However, the OSHA Act also allows OSHA to authorize exceptions to the no-notice requirement in situations where advance notice would:
- Allow an employer to correct an apparent imminent danger as quickly as possible;
- Facilitate an inspection outside of a site’s regular hours of operation;
- Ensure the presence of employer and employee representatives or other appropriate personnel during the inspection; or
- Enhance the probability of an effective and thorough inspection (such as in investigations for complex fatalities).
When an exception is approved, OSHA will not provide more than a 24-hour notice to affected employers.
The scope of an OSHA inspection can be comprehensive or partial. A comprehensive inspection is a complete and thorough inspection of the worksite. During a comprehensive inspection, the compliance officer will evaluate all potentially hazardous areas in the establishment. However, an inspection may be considered comprehensive even though, at the compliance officer’s discretion, not all potentially hazardous conditions or practices are actually inspected.
A partial inspection is usually limited to certain potential hazardous areas, operations, conditions or practices at the employer’s establishment. However, at his or her discretion, a compliance officer may expand the scope of a limited inspection. The compliance officer will generally make this decision based on the information he or she gathers during the inspection.
Compliance Officer Arrival
OSHA inspections begin with the compliance officer’s arrival. In general, a compliance officer will arrive for a worksite inspection during the site’s hours of operation. However, OSHA may authorize additional times for an inspection as necessary.
Upon arrival, a compliance officer should present his or her credentials. If necessary, employers can contact their local OSHA office to confirm a compliance officer’s authority to conduct the inspection.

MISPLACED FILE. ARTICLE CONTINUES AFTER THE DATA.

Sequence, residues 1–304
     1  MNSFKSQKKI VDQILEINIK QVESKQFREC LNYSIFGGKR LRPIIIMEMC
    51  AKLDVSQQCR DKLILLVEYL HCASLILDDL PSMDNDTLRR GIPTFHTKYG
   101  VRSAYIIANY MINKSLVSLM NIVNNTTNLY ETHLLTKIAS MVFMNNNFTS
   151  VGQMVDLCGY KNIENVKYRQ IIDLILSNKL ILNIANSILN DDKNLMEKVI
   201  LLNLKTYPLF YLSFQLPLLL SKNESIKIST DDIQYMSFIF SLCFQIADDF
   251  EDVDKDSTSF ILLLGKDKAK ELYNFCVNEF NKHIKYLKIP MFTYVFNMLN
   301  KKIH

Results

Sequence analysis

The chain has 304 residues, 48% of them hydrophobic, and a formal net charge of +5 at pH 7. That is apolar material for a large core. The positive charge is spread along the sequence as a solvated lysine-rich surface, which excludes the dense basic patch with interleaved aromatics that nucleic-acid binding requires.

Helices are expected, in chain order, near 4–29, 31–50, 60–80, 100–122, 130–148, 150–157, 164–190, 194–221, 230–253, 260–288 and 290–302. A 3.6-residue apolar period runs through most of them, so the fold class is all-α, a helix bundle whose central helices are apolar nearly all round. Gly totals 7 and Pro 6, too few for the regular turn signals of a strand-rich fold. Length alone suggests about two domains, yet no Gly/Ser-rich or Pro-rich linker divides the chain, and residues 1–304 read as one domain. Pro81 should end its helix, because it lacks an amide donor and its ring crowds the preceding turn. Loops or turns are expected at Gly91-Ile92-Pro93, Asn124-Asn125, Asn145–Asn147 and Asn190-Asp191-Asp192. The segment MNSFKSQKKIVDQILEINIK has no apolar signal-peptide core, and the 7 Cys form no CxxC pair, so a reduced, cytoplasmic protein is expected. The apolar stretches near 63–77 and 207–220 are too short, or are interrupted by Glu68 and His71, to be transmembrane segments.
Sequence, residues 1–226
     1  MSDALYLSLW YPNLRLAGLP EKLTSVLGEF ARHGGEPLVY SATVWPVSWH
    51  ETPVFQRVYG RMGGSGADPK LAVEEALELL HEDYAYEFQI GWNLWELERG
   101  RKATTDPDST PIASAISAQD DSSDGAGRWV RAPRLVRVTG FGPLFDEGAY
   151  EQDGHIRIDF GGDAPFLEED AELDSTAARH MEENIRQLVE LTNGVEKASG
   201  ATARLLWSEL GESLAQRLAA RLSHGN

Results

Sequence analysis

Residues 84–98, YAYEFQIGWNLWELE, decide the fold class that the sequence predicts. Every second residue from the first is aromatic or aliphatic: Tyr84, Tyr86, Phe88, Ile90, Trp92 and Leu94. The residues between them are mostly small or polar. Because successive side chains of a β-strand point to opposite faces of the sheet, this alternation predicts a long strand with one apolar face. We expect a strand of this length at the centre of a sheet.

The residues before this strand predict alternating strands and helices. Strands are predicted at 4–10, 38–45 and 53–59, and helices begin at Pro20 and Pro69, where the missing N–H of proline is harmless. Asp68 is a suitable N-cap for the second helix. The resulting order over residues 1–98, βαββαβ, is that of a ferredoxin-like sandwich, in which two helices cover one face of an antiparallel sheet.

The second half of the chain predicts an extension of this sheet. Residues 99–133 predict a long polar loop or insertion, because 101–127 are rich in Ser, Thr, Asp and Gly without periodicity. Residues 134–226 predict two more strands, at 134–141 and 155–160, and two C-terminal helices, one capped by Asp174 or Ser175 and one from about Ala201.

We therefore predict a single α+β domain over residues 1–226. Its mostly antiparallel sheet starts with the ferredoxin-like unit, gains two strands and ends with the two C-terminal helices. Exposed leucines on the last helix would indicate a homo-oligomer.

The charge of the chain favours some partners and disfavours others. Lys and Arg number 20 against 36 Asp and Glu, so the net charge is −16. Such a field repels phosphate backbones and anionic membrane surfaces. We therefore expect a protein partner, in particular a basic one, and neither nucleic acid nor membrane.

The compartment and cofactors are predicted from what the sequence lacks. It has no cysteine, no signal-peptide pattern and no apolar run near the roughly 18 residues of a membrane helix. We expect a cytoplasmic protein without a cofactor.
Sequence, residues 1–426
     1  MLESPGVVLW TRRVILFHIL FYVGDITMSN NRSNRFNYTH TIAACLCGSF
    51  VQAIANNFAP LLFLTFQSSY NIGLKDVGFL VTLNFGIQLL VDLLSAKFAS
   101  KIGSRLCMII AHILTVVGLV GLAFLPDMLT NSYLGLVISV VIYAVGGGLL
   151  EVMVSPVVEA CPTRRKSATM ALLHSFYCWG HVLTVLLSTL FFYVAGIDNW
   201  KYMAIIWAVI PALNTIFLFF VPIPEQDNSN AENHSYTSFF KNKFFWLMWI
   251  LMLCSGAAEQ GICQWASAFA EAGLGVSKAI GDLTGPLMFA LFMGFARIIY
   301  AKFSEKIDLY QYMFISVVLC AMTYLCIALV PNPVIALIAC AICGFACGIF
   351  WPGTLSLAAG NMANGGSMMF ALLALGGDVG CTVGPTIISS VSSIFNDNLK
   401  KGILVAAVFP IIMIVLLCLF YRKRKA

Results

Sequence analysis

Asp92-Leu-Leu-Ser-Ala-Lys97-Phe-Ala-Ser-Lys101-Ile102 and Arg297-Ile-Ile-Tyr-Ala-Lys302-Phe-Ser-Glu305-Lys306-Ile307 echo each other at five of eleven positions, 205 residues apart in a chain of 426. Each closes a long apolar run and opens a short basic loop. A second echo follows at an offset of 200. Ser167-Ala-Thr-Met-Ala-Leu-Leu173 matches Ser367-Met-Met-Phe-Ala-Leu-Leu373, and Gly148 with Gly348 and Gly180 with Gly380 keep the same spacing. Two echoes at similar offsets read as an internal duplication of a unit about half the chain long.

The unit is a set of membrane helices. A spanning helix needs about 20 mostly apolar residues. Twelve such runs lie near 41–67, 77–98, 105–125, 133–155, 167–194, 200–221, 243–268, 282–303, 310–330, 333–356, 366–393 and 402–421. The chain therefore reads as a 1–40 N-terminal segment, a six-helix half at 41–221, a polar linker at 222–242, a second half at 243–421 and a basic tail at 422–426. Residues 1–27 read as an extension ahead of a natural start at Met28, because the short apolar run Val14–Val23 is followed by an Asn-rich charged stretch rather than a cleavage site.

A compliance officer has the right to enter an employer’s premises if he or she has obtained consent from the employer or a warrant ordering the employer to admit the inspector. In either case, employers cannot unreasonably delay an inspection to await for the arrival of the employer representative (inspectors may wait up to one hour to allow an employer representative to arrive from an off-site location).
Employers can consent to admit a compliance officer and perform a worksite inspection. Employers may also provide partial consent, and allow a compliance officer access only to certain areas of their facilities. Compliance officers will make note of any refusals or partial consent and will report it to OSHA. OSHA may take further action against any refusals, including any legal process it may see fit to obtain access to restricted areas.
In sites where multiple employers are present, the compliance officer does not need to obtain consent from all employers present. Consent from just one employer is sufficient to allow the inspector to access the entire worksite.
Compliance officers are not required to ask for an employer’s consent when they have a court-issued warrant. The warrant allows the compliance officer access to the employer’s facilities to conduct an inspection.
Employers that do not provide consent have the right to require compliance officers to obtain a warrant before allowing them access to the premises. As a general practice, few employers actually require warrants, though some employers have done so to delay the start of an inspection.
There are, however, some exceptions to the employer’s right to require a warrant. A compliance officer does not need to obtain employer consent or a warrant to access the premises if he or she can establish:
- The existence of a plain view hazard;
- That the worksite is an open field or construction site; or
- The existence of exigent circumstances.
In general, compliance officers will try to make the opening conference brief in order to proceed to the walk-around portion of the inspection as soon as possible. In general, the opening conference is a joint conference, where both employer and employee representatives participate. However, the compliance officer may hold separate opening conferences if either employer or employee representatives object to a joint conference.